News Release

Discovery of a molecule regulating immune memory of natural killer cells to viral infection

Peer-Reviewed Publication

University of Tsukuba

Tsukuba, Japan—Viral infections pose a severe threat to human health, with natural killer (NK) cells acting as the primary defense against virus-infected cells. Following a viral invasion, the immune system retains a memory of the virus, thereby persisting in the body for a long time. However, it was believed that NK cells could not differentiate into immune memory NK cells capable of robustly combating subsequent viral invasions. Recent research challenges this established theory, revealing that NK cells can indeed memorize viral antigens and differentiate into immune memory NK cells with considerable killing ability. However, the mechanism of this process still needs to be fully clarified.

The research team uncovered that Themis2, located in the cytoplasm of NK cells, plays a crucial role in regulating the differentiation and function of immune memory NK cells. Specifically, NK cells deficient in Themis2 exhibit a more efficient differentiation into immune memory NK cells following cytomegalovirus infection compared to wild-type NK cells. Furthermore, Themis2-deficient immune memory NK cells can efficiently eliminate cytomegalovirus-infected cells. These findings suggest the possible development of a novel therapeutic approach to viral infections by targeting Themis2 to enhance the differentiation and function of immune memory NK cells.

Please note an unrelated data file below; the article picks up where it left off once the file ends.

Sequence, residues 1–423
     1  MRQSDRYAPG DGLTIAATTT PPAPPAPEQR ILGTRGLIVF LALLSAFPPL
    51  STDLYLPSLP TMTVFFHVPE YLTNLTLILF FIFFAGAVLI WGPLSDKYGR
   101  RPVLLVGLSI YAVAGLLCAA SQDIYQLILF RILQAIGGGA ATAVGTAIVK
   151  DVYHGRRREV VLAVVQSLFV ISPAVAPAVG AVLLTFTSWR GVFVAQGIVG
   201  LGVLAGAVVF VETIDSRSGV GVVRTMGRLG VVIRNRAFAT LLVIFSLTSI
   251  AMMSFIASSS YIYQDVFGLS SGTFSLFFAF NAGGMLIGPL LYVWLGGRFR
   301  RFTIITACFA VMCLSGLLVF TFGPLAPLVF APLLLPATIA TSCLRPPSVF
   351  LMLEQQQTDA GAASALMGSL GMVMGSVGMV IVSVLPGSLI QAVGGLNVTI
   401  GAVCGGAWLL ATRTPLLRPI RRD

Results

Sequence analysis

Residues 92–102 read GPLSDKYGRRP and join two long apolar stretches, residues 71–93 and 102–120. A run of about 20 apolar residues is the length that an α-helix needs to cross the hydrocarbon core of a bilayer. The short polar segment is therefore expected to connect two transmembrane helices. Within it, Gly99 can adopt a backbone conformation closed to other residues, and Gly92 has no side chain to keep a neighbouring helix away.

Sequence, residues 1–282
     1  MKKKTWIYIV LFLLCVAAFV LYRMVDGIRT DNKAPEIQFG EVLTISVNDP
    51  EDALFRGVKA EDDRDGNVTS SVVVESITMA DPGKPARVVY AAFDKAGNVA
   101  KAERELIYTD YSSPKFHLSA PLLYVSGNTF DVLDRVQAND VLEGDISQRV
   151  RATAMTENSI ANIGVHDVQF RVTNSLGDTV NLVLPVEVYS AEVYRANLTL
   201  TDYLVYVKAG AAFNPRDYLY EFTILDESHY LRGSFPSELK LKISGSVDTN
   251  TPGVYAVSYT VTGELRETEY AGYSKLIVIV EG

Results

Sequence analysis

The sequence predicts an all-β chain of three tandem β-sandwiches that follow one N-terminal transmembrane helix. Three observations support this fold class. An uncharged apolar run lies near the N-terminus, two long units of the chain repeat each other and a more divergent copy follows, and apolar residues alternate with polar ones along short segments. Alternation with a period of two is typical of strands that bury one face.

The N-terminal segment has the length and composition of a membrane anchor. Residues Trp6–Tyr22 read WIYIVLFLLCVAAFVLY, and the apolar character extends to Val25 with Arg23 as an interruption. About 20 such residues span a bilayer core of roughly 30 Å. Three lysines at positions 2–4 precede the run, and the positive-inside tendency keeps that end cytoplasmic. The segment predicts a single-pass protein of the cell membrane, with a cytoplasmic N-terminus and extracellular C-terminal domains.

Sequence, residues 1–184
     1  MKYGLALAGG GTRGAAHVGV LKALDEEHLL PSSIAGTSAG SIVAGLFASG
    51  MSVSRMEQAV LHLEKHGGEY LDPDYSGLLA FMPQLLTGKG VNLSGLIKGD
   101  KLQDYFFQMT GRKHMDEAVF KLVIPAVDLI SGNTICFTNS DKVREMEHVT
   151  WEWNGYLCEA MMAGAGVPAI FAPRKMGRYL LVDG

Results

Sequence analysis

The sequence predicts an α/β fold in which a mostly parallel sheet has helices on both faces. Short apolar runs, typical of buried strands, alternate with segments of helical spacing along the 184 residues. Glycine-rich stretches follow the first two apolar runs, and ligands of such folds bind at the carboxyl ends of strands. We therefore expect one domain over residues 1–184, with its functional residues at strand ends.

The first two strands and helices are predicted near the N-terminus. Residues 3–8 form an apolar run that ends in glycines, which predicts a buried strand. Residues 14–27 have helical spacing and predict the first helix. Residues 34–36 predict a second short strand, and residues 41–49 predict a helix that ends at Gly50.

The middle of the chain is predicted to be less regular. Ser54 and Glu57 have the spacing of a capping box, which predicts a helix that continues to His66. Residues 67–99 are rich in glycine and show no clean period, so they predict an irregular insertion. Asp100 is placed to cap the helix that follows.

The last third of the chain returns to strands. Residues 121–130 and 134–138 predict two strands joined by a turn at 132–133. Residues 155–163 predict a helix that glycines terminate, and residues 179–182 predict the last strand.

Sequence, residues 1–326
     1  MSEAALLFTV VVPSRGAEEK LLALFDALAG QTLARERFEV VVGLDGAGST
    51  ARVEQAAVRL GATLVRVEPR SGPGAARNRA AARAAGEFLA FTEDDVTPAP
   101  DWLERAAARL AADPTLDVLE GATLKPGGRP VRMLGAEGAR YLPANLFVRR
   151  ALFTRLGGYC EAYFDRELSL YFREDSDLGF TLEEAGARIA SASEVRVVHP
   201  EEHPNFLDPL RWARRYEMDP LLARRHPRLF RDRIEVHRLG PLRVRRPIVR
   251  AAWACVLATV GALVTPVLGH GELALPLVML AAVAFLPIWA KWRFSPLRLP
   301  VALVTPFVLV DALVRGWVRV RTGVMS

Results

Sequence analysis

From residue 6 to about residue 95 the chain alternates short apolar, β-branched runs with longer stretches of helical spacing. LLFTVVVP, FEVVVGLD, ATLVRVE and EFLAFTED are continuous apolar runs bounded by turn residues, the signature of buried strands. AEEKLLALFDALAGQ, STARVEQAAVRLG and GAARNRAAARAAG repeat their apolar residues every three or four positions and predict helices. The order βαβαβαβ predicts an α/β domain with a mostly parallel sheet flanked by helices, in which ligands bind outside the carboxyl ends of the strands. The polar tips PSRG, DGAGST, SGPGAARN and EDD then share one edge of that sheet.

This work was supported by JSPS KAKENHI 16H06387, 18H05022, and 21H04836 (A.S.), 17H05071, JST FOREST JPMJFR2166, the Japanese Society for Immunology Outstanding Young Immunology Researcher Award, University of Tsukuba Seeding Program for Research, and Tsukuba Basic Research Support Program (T.N.)


Original Paper

Title of original paper:
Themis2 regulates natural killer cell memory function and formation

Nature Communications



Professor SHIBUYA, Akira
Institute of Medicine, University of Tsukuba

Assistant Professor NABEKURA, Tsukasa
Life Science Center for Survival Dynamics, Tsukuba Advanced Research Alliance (TARA), University of Tsukuba

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Institute of Medicine

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